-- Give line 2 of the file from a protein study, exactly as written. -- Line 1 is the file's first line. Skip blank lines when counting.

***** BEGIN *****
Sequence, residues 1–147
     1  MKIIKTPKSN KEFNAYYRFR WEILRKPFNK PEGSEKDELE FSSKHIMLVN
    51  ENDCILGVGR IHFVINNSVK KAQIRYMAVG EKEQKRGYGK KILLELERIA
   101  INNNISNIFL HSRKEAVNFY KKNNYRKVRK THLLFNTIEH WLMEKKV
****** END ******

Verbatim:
     1  MKIIKTPKSN KEFNAYYRFR WEILRKPFNK PEGSEKDELE FSSKHIMLVN